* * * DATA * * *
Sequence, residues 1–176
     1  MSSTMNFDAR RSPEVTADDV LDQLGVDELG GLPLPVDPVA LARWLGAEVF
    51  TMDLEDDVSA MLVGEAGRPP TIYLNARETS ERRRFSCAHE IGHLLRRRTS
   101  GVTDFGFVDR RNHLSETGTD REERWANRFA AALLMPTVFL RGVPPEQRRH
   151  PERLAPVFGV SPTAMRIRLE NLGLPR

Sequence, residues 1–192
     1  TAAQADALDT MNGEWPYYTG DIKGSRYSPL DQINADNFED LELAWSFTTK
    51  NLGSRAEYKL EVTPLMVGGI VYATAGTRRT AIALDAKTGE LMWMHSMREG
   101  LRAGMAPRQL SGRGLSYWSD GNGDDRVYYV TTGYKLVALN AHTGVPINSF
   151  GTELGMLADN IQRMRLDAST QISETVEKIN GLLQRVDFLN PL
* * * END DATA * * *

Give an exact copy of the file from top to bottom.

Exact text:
Sequence, residues 1–176
     1  MSSTMNFDAR RSPEVTADDV LDQLGVDELG GLPLPVDPVA LARWLGAEVF
    51  TMDLEDDVSA MLVGEAGRPP TIYLNARETS ERRRFSCAHE IGHLLRRRTS
   101  GVTDFGFVDR RNHLSETGTD REERWANRFA AALLMPTVFL RGVPPEQRRH
   151  PERLAPVFGV SPTAMRIRLE NLGLPR

Sequence, residues 1–192
     1  TAAQADALDT MNGEWPYYTG DIKGSRYSPL DQINADNFED LELAWSFTTK
    51  NLGSRAEYKL EVTPLMVGGI VYATAGTRRT AIALDAKTGE LMWMHSMREG
   101  LRAGMAPRQL SGRGLSYWSD GNGDDRVYYV TTGYKLVALN AHTGVPINSF
   151  GTELGMLADN IQRMRLDAST QISETVEKIN GLLQRVDFLN PL